Nicholas Mosley's parents, Cynthia Curzon and Oswald Mosley, were married in the Chapel Royal, St James's on 11 May 1920: 'Cimmie's wedding dress had a design of green leaves in it, in defiance of a superstition that green at a wedding was unlucky: there was also a superstition that it was unlucky to be married in May. Cimmie herself chose the music: during the handing-over of the ring the Liebestod from Wagner's Tristan and Isolde was played; though the organist, a newspaper reported, did his best to make it inaudible.' She was 21 and sometimes described as 'wild'; her father, Lord Curzon, former Viceroy of India, fearing what he called her 'bolshevick' tendencies, was relieved that she had chosen a reasonably promising young man whose family he knew. Mosley, Robert Cecil reported to Curzon, was 'not in the first flight' but had 'a good future before him'. He was two years older than Cimmie; very dashing (though Curzon at once remarked on his 'rather Jewish appearance'), and the youngest MP in the House. He was then a Tory. Cimmie had wanted a small, quiet wedding, but the King and Queen were present, as were the King and Queen of the Belgians, who were flown across the Channel in two two-seater aeroplanes for the occasion. The marriage lasted 13 years and there were three children - Nicholas was the eldest son. In May 1933 Cimmie died. A memorial service was held at St Margaret's, Westminster, where, once again, the Liebestod was played.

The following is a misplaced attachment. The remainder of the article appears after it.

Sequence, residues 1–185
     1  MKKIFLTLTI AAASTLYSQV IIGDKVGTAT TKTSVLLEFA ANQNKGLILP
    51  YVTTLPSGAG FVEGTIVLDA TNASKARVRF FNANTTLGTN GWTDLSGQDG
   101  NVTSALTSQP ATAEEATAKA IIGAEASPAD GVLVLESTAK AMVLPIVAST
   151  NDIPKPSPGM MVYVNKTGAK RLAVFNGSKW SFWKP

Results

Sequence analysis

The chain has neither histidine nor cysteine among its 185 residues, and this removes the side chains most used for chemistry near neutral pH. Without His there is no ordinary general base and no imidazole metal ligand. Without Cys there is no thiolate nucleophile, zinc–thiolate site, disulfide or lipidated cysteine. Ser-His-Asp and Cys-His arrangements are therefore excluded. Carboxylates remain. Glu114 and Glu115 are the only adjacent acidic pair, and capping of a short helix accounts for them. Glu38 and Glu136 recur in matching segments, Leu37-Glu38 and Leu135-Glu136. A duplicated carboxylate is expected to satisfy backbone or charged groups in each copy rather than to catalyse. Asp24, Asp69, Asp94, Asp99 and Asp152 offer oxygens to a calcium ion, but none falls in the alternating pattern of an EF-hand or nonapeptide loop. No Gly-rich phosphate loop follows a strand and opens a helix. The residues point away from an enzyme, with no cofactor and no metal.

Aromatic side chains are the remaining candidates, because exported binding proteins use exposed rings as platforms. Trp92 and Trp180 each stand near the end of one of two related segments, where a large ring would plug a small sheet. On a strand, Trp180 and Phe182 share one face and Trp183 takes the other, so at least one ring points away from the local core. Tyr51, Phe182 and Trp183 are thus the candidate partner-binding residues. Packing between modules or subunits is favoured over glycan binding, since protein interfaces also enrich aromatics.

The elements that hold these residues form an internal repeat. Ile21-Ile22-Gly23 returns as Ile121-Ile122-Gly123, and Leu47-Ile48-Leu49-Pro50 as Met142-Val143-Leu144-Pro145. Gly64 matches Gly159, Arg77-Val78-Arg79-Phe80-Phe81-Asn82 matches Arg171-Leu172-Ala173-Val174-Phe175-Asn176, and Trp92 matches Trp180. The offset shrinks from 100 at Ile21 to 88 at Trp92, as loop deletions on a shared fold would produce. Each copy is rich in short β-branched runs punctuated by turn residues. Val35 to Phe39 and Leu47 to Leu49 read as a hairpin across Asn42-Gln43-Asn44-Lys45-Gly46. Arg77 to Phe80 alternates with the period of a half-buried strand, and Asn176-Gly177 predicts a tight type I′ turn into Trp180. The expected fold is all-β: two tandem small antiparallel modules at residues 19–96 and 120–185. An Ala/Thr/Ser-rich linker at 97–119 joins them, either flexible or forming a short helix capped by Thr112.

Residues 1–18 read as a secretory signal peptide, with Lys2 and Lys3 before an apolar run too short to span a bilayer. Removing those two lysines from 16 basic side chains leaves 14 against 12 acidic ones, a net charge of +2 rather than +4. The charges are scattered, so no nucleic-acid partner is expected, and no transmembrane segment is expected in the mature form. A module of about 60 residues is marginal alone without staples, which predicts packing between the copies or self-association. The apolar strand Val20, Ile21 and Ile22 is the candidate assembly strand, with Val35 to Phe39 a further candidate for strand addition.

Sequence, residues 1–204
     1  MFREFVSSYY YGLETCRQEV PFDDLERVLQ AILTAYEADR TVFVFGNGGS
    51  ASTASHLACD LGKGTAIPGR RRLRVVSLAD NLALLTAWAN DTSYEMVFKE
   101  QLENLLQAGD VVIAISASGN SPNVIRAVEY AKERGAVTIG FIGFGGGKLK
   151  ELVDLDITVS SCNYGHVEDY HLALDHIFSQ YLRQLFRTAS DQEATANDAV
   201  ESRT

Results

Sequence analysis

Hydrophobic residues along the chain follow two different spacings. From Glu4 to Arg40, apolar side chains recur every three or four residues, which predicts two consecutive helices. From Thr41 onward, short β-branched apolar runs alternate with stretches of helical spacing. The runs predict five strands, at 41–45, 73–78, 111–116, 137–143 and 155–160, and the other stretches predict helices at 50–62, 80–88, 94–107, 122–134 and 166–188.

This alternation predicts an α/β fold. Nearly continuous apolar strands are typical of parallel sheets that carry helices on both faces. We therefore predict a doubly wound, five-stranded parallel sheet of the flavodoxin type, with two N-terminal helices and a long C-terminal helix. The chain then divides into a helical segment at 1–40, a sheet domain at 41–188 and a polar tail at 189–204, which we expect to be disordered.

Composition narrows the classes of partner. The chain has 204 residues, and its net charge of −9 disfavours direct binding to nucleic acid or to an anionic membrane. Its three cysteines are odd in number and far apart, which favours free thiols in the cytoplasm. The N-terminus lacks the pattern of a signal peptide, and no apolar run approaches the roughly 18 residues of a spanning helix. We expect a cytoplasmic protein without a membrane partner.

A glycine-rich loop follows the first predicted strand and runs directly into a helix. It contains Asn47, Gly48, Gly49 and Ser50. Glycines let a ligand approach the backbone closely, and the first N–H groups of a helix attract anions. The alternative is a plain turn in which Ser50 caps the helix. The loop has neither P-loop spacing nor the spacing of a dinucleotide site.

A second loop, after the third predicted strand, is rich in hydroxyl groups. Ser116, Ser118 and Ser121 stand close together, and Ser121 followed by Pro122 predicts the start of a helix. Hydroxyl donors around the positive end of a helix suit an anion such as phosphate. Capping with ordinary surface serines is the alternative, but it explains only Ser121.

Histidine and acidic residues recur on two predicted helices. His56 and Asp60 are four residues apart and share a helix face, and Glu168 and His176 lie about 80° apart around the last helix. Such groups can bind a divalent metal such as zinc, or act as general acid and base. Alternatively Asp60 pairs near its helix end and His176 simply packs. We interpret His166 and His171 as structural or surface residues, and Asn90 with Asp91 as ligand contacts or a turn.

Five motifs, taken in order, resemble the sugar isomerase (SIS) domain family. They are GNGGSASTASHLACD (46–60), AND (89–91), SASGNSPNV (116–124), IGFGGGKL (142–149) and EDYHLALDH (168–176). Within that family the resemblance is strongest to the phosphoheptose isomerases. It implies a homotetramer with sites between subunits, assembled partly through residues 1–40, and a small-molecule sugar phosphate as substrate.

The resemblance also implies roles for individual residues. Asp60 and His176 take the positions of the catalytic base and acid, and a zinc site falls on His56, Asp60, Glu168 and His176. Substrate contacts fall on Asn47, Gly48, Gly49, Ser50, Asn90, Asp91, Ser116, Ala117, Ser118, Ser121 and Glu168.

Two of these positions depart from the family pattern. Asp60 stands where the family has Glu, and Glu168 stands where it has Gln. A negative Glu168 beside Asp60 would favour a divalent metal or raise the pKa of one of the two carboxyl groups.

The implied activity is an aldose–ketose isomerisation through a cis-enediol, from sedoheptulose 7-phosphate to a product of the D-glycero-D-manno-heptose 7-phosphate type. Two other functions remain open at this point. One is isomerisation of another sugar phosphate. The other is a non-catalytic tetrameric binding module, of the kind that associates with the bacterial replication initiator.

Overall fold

LRB 4 November 1982 | PDF Download